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However, she still finds herself struggling with identity issues at job interviews. She encounters prejudice from her fellow Hong Kongers and she puts it down to the fact that many people tend to look at skin color rather than nationality.

Except in Hong Kong, skin colour, or more specifically ethnicity, does not indictate nationality. Her application for a Chinese SAR passport was rejected because she is not biologically Chinese, and an administrative blunder at birth means she could not acquire the nationality of her adoptive parents.

“This is sad and deplorable,” she says. “The government talks a lot about anti-race discrimination, but many of its own policies are in fact fraught with racism.” Recently, under media pressure, the government accepted Cheung’s application.

Although she is disheartened by society’s denial of her Hong Kong identity, Cheung nevertheless sees herself as a complete Hong Konger and is not keen on tracing her roots. “Root tracing will make me emotionally more confused,” she explains. “I don’t want that chance to re-question myself who I am.” She adds that she may go to Pakistan one day to see what the country is like, but has no intention to find her birth mother.

Despite the difficulties she faces in the outside world, Cheung feels perfectly safe when she is at home. “My mother once said, ‘I will raise you up no matter how hard it will be’,” she says, “I really feel so lucky to be brought up by her in Hong Kong, if not I would be following my birth mother as a drug trafficker in Pakistan.”

While Cheung’s adoption story contains struggles and difficulties as well as triumph over the odds, the interracial adoption of Jessica by the Woodyatt family seems to be much smoother.

The Woodyatt’s, who are from Australia, have found the experience of adoption very enjoyable. Victoria Woodyatt, is happy and grateful that they have not encountered many difficulties.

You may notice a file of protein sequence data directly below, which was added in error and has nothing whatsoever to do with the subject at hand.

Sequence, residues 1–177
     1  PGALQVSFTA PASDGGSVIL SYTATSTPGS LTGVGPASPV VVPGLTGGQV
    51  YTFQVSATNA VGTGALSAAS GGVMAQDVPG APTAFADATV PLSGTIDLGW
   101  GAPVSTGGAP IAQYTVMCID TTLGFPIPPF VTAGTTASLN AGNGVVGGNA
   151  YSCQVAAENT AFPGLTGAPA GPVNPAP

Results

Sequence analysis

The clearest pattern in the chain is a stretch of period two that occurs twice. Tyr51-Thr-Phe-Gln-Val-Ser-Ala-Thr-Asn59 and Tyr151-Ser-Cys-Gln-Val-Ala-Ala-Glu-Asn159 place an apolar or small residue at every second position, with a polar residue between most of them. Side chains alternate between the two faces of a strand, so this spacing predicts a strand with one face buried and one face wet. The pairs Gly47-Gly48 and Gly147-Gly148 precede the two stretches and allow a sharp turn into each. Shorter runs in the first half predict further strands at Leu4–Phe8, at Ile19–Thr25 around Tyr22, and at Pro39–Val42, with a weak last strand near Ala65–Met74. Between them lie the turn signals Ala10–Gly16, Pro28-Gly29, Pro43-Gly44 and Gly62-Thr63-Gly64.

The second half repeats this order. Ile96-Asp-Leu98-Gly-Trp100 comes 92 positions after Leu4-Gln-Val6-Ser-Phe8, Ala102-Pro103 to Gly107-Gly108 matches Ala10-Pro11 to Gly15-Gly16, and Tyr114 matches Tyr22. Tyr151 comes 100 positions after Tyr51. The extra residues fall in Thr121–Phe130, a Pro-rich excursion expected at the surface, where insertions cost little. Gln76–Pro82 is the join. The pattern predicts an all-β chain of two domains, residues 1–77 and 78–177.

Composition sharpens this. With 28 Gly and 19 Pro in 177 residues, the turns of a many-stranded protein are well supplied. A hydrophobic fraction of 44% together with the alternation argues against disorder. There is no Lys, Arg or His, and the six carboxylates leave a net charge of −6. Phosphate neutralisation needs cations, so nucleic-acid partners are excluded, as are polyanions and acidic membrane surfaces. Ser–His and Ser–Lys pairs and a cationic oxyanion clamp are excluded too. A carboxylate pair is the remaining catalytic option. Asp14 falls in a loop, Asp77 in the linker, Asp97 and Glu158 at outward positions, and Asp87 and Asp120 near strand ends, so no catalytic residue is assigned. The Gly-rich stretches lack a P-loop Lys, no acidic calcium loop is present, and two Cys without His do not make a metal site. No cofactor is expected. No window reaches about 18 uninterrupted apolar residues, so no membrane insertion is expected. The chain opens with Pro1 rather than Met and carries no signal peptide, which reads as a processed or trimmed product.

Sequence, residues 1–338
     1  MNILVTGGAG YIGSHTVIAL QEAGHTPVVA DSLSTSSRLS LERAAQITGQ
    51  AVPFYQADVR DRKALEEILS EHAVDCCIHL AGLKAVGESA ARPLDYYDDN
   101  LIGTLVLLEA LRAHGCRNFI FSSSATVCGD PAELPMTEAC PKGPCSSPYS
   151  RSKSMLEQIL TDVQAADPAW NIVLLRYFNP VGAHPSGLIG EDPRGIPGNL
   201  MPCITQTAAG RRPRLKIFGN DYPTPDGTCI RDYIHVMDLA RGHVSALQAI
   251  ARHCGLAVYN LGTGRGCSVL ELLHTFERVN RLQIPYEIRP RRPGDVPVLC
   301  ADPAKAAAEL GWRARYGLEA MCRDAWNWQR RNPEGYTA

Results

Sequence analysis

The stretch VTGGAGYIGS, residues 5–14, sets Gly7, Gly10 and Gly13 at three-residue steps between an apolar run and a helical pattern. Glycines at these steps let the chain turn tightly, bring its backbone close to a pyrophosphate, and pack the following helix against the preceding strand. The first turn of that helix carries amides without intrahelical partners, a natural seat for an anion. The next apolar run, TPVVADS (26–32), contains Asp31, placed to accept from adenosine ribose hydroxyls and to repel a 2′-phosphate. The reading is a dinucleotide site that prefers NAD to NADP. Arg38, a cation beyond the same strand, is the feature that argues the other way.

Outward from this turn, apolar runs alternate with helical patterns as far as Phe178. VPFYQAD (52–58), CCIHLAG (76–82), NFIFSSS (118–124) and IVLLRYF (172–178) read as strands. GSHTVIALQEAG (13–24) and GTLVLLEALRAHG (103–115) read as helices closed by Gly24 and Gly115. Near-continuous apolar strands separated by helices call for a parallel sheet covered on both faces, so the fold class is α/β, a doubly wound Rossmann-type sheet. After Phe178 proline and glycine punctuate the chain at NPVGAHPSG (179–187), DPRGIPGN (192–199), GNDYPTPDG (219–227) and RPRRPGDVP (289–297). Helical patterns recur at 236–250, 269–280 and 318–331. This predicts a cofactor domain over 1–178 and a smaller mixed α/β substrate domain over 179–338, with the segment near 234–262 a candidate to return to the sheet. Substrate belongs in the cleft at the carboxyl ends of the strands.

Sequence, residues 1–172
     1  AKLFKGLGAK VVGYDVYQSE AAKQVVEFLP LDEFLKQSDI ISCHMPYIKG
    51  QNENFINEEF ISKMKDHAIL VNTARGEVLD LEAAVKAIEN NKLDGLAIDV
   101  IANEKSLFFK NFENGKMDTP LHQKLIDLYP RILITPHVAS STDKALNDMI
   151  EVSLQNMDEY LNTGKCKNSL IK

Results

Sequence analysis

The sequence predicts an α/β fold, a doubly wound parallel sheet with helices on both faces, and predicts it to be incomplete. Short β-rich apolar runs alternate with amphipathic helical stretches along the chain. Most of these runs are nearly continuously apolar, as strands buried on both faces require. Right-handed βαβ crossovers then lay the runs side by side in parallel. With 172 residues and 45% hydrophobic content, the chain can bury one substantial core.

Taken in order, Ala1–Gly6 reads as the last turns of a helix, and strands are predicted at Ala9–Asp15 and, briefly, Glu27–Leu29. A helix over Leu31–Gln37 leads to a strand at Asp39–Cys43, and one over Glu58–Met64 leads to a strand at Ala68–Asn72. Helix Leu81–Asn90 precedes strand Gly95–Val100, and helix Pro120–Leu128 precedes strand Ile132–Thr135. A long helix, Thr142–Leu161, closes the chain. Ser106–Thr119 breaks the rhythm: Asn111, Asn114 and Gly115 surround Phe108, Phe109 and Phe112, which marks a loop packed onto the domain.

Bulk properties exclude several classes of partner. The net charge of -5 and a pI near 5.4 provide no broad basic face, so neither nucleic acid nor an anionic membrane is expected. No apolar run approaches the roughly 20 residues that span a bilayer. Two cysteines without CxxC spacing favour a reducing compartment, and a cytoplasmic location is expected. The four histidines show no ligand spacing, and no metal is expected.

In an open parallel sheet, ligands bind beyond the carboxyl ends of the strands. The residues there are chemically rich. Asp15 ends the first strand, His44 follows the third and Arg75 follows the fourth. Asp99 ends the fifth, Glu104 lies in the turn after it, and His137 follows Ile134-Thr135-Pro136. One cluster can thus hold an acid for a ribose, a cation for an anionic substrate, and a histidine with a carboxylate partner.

Woodyatt and her husband decided to adopt a child after Victoria gave birth to their first son, Daniel. They decided they did not want Daniel to be an only child and when he was three they went to the Social Welfare Department to start adoption procedures for Jessica.

When they were told about Jessica’s background and her health, the couple thought everything was perfect about her. It took them only nine months to process the adoption and welcome Jessica to their home.

Woodyatt and her husband see Jessica as their own daughter. She thinks modern western culture attaches less importance to blood lines. “When I look at her, Jessica is just Jessica, my daughter,” she says. “The time, effort, care and love that we’ve put into her make her. I don’t care whether she’s a Caucasian or Chinese.”

Daniel and Jessica, who is now eight, get along well. “I was so touched and happy when I first saw her at home because I’d got a Chinese adopted sister,” says Daniel. “I don’t care where she is from and I will take care of her just the same as the elder brothers in other families.”

The siblings attend the same local school and while Jessica does not get any special attention, Daniel is the one who stands out as the only kid at school with blonde hair. Jessica does not face many difficulties over her status, as the school has explained to the children what adoption is and they have all accepted it very well.